How to prepare for NEET 2020 in 4 months - Preparing for a national-level exam like NEET is tough enough, but if 4 months is all you have, then things are going to be that much more difficult. Generally most candidates who do well in NEET have years of sweat and toil behind them. One reason why NEET UG is such a difficult exam is questions are mostly concept oriented and the competition is fierce. But while the task at hand is a difficult one, it is not impossible to succeed, especially if you know how to prepare for NEET in 4 months. Just make sure once you have committed yourself to the exam, there are no half-baked measures. Get ready to go at full throttle, may be armed with some useful tips on how to prepare for NEET 2020 in 4 months brought to you by Careers360. These tips are designed to make life a bit easier for you. Since the examination is over, the candidates can read the preparation tips for reference purposes. Read on!
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The first thing one needs to do is go through the syllabus and exam pattern of NEET 2020. While the syllabus will provide insights into subject-wise topics covered in the exam, the exam pattern will throw light into marking scheme, types of questions asked, mode of exam, etc.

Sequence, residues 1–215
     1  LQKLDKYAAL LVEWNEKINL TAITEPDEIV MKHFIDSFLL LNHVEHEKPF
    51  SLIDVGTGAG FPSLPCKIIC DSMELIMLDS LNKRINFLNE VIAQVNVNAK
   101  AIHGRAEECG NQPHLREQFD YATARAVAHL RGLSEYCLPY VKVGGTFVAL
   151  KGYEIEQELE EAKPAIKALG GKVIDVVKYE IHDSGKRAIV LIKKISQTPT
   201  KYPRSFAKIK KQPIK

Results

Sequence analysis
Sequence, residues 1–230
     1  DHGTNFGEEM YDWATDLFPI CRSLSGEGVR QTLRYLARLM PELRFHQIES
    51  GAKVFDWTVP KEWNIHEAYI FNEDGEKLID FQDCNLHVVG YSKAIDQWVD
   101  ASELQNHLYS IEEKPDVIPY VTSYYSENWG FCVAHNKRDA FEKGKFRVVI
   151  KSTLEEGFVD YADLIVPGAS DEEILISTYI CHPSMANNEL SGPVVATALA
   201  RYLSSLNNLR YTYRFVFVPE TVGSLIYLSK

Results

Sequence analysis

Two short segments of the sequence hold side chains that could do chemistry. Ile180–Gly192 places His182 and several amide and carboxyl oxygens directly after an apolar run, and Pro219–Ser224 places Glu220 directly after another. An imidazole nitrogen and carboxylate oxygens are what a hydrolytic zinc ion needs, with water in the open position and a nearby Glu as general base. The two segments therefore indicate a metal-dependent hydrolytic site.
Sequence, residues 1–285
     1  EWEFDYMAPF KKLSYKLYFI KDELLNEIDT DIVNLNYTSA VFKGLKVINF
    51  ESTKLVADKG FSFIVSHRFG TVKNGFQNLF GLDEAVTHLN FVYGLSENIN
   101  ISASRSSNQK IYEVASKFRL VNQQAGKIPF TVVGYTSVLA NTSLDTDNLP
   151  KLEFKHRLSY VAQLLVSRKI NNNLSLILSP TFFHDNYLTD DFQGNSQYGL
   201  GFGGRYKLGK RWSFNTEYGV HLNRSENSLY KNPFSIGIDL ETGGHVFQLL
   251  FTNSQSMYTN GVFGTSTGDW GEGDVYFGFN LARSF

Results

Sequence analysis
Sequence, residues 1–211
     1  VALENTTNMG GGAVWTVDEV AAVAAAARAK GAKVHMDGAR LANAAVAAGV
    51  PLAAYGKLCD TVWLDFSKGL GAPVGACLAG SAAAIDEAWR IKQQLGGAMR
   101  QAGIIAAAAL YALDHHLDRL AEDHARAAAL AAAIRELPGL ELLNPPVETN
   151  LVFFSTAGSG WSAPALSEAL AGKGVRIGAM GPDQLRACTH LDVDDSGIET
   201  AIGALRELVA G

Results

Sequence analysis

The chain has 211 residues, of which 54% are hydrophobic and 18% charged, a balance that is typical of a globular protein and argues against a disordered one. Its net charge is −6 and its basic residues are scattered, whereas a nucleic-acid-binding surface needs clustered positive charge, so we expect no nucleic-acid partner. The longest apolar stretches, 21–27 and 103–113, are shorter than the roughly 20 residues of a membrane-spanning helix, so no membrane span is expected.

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Being familiar with the syllabus will help you focus your energies only on those topics from which questions will be asked in NEET 2020, and not waste time and energy on irrelevant stuff. Remember you have very little time, and so need to make the most of it. Meanwhile, aligning one’s preparation to prescribed exam pattern would eliminate exam day surprises. Take, for example, NEET UG will be conducted in offline mode and include multiple choice questions. Now, if a candidate misses this bit of information and instead prepares for subjective questions or online-mode, it can be a recipe for disaster.
Once you know the syllabus and exam pattern, chalk up a study plan that is actionable. When making time allotments, you may even segregate the topics into groups, say, difficult, moderate, easy. This way you will be able to tackle the difficult topics more effectively. Also, make sure that you take regular stock of your progress. If you feel that a little tweak here and there might, get it done.
One thing about the NEET exam is that is concept-based, meaning it will include many questions that will test your understanding of the fundamentals of the subjects. So, superficial reading won’t cut it. To be successful you will then have to decipher each topic, get to the bottom of it - and all the while not wasting an enormous amount of time. Please note that if you get stuck with a topic, move on to other topics. Or you will have to compensate someplace else, which could be costly.
There are umpteen benefits of taking notes if you do it correctly that is. For example, notes can act as summary points. So every time you need to revise, all you need to do is run through the notes; this is unless you need to read the complete block of texts for additional practice. Prepare your notes while you are reading a topic. Also, as you go along you can keep on fine-tuning the notes so that they can act as standalone preparation material. Likewise, flashcards are very useful in retaining concepts, even formulas.
It is recommended that you maintain a separate sheet for jotting down all the formulas and shortcuts as well.